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KENNEDY v. N.Y.S.D.O.C.S.

United States District Court, Southern District of New York


June 26, 2002

JEFFREY A. KENNEDY, PLAINTIFF,
V.
N.Y.S.D.O.C.S., BRIAN FISCHER, CARL OKEN AND VALARIE COLON, DEFENDANTS.

The opinion of the court was delivered by: VICTOR Marrero, United States District Judge.

ORDER

Plaintiff Jeffrey A. Kennedy ("Kennedy"), appearing pro se, commenced the present action alleging employment discrimination in violation of Title VII of the Civil Rights Act of 1964, 42 U.S.C. § 2000e to § 2000e-17. Kennedy employed the standard pro se complaint form provided to him by the Pro Se Office in this District. On that form, the discriminatory conduct of which Kennedy complains includes unequal terms and conditions of employment and retaliation. Furthermore, Kennedy alleges that he was discriminated against on the basis of his race.

As to retaliation, Kennedy contends that his employer unlawfully retaliated against him because he opposed a practice of discrimination against another employee. Kennedy supplemented his standard complaint form with additional allegations which shed no light on the impenetrable claims that he asserts.

First, while Kennedy alleges discrimination based on race, there are no factual allegations at all in either the complaint form or his attachment that concern his employer's allegedly discriminatory conduct based on race.

Second, although Kennedy's attachment to the complaint discusses an incident involving another Corrections Officer, neither the complaint nor his attachment substantiates what Kennedy's involvement was, the nature of his alleged "opposition" to discriminatory conduct or how his employer retaliated against him. In short, beyond the bald assertion of claims, Kennedy has failed to give this Court and the parties notice of any facts that would give rise to those claims.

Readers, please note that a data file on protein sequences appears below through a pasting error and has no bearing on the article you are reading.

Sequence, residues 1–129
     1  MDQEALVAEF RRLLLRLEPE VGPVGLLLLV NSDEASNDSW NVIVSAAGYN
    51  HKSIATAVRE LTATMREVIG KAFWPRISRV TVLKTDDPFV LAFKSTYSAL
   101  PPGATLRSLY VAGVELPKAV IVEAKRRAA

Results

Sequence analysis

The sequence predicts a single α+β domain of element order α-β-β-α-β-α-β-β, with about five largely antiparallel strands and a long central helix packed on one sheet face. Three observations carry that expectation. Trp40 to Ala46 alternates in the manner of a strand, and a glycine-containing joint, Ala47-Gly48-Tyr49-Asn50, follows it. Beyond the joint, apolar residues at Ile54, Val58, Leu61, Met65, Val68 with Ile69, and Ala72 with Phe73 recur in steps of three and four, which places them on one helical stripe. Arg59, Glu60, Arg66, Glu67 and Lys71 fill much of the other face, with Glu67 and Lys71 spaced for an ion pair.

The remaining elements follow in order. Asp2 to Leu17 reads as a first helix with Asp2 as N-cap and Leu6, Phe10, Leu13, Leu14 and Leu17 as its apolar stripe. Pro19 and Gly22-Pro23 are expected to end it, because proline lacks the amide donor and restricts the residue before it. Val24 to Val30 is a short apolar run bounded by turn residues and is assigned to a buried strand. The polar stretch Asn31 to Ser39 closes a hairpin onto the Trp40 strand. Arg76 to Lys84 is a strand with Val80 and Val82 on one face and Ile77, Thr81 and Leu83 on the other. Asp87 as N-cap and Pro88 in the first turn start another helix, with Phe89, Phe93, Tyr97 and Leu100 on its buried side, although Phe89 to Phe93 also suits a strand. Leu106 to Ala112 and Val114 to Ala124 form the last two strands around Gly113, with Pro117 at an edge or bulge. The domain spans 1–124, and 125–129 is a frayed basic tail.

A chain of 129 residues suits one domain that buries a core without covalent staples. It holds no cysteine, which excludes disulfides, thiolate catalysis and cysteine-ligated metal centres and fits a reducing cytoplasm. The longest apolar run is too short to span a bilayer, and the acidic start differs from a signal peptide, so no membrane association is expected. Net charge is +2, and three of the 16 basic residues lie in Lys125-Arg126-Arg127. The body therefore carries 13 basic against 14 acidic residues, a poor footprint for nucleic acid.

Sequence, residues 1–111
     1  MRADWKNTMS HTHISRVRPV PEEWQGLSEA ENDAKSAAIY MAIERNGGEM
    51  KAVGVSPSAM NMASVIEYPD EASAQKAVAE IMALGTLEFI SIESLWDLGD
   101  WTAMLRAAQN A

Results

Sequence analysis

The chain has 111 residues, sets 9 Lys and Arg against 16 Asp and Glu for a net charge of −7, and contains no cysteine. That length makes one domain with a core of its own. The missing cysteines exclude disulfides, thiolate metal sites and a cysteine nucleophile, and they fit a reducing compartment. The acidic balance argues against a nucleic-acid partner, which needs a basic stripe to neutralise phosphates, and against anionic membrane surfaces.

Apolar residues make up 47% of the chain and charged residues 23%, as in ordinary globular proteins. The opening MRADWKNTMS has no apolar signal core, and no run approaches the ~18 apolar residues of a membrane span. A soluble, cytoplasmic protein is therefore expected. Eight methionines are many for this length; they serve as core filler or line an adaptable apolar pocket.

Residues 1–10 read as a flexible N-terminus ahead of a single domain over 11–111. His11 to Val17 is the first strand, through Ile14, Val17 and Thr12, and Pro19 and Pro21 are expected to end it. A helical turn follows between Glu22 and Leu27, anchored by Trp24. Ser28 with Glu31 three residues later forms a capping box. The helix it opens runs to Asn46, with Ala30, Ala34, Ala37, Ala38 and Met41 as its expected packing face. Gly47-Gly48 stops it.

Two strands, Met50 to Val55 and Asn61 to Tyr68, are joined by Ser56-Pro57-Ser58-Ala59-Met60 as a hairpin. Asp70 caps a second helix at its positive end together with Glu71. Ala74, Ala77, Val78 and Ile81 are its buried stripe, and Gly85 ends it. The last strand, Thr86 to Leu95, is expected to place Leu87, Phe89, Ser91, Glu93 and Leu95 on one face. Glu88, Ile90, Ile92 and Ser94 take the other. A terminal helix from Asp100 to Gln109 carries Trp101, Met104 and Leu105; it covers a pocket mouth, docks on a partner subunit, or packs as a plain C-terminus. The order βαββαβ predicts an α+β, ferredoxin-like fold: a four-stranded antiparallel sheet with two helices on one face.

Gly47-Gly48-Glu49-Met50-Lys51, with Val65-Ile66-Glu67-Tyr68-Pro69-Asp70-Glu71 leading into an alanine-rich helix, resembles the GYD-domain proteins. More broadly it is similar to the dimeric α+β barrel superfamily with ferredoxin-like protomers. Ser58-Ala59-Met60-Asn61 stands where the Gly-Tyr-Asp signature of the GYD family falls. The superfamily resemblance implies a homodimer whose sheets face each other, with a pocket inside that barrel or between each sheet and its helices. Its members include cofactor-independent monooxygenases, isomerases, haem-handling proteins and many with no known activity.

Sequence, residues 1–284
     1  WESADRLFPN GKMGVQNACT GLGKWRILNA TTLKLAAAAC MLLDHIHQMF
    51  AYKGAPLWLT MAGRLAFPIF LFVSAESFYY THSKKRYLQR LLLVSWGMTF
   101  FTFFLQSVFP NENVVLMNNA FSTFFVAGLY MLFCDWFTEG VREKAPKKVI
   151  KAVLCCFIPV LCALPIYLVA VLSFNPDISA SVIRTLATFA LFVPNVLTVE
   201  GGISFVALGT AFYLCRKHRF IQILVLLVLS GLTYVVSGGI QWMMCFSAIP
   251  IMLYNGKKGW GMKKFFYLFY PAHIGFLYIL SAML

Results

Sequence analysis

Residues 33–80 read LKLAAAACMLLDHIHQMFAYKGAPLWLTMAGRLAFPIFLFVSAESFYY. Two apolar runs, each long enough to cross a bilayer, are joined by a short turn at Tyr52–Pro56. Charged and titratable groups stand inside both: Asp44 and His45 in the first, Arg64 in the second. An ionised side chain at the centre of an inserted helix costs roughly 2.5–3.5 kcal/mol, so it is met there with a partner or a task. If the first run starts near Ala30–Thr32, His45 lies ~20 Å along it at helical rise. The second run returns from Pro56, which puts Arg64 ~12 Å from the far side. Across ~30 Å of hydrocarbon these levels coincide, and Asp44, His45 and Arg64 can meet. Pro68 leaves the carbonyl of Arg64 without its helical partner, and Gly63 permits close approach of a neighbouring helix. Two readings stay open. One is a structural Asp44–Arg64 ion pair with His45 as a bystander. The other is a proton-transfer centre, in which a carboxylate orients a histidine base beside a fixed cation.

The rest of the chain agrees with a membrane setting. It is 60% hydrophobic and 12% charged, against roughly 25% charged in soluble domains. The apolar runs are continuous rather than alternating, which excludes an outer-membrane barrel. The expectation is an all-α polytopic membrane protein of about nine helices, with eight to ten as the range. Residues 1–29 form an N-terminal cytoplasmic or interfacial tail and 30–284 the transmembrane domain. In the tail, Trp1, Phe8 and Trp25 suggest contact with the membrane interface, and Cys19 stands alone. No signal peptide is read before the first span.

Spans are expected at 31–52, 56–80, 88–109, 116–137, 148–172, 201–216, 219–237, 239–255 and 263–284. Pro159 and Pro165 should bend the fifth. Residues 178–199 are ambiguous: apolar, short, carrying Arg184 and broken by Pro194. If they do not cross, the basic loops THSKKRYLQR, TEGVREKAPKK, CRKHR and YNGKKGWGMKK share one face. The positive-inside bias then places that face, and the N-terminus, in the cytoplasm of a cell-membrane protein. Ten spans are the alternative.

It is well-settled that pleadings of pro se litigants are judged more liberally than those drafted by experienced counsel. Haines v. Kerner, 404 U.S. 519, 520 (1972) (per curiam). Nevertheless, a complaint that is "so confused, ambiguous, vague, or otherwise unintelligible that its true substance, if any, is well disguised," may be dismissed sua sponte for failure to comply with Rule 8 of the Federal Rules of Civil Procedure. Salahuddin v. Cuomo, 861 F.2d 40, 42 (2d Cir. 1988) (citation omitted). Kennedy's complaint contains no factual allegations that would substantiate any of his assertions, and therefore, it is inherently unclear what claims he seeks to pursue and which events might give rise to those hypothetical claims.

Accordingly, it is hereby

ORDERED that the complaint is dismissed with leave to file an amended complaint, within thirty (30) days, consistent with this Order; and it is further

ORDERED that the Clerk of Court is directed to close this case.

20020626

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